$97 a barrel on Wednesday ahead of the release of U.S. housing starts for January.
By early afternoon in Europe, benchmark crude for April delivery was down 19 cents to $96.91 a barrel in electronic trading on the New York Mercantile Exchange. The March contract, which expires Wednesday, rose 80 cents to finish at $96.66 per barrel on the Nymex on Tuesday.
Later in the day, the U.S. Commerce Department will release housing starts for the month of January, a key gauge of the real estate industry and economy. In December, builders broke ground on houses and apartments at a seasonally adjusted annual rate of 954,000. That was 12.1 percent higher than November's annual rate.
A report on Tuesday showed that confidence among homebuilders slipped, as builders remain concerned about the sturdiness of the U.S. economy and the risk of rising unemployment.
The Nymex contract's West Texas Intermediate was seen supported by news of increased capacity in the Seaway pipeline which carries crude from Cushing, Okla., the delivery location of WTI, to refineries on the Gulf Coast, noted analysts at Commerzbank in Frankfurt.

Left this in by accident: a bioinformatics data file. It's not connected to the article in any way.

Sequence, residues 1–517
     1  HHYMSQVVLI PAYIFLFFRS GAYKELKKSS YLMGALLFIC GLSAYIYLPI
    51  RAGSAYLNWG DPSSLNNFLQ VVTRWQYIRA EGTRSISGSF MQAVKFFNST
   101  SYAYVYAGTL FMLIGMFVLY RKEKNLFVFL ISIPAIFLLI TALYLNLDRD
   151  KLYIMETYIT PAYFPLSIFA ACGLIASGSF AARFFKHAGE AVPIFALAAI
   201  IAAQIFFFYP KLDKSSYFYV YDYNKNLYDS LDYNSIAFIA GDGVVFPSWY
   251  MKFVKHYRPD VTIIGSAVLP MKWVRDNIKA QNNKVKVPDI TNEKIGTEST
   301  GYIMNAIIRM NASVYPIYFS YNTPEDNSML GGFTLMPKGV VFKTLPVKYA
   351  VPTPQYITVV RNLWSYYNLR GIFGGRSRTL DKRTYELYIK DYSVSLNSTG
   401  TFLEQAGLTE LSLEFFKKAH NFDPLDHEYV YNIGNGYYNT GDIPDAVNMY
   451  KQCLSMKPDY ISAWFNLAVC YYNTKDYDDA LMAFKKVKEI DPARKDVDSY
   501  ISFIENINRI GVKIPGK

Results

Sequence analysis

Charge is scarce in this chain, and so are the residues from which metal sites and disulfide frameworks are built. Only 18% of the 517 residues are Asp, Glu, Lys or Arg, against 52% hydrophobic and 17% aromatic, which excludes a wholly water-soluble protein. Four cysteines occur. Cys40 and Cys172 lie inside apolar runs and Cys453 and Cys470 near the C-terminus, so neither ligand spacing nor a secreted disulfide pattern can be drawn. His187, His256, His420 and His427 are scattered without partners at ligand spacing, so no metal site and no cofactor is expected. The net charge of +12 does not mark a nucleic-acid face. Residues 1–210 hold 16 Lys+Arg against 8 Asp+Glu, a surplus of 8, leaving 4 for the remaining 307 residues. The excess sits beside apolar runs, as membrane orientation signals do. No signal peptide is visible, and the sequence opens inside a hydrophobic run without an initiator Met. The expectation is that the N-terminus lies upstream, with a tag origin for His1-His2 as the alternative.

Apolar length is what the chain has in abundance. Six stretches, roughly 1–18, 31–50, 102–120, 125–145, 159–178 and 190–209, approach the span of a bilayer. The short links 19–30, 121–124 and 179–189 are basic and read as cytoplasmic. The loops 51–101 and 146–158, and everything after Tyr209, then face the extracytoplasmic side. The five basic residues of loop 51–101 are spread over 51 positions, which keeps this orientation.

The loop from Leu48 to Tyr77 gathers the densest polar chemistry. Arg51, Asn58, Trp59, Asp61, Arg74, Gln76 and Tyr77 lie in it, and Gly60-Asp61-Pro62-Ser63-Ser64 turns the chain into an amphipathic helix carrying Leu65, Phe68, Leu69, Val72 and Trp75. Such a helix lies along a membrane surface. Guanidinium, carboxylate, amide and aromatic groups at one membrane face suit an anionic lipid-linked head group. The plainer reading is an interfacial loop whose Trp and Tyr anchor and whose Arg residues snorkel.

Pipeline operator Enterprise Products Partners said that Seaway's capacity will average 295,000 barrels a day from February to May, compared with 180,000 barrels a day in January.
In Germany, a survey of investor confidence was upbeat on Tuesday, but traders are concerned about the possible outcome of a weekend parliamentary election in Italy. Traders are worried that a change in leadership could derail efforts to end Europe's financial crisis.
Analysts at Credit Agricole CIB in Hong Kong wrote in a market commentary that the polls "may yet dampen confidence so we would caution about becoming too excited."
Brent crude, used to price many international varieties of oil, was down 32 cents to $117.20 per barrel on the ICE Futures exchange in London.
In other energy futures trading on the Nymex:
— Heating oil rose 0.17 cent to $3.1834 per gallon.
— Wholesale gasoline fell 3.44 cents at $3.2808 per gallon.
— Natural gas added 2.8 cents to $3.30 per 1,000 cubic feet.
Pamela Sampson in Bangkok contributed to this report.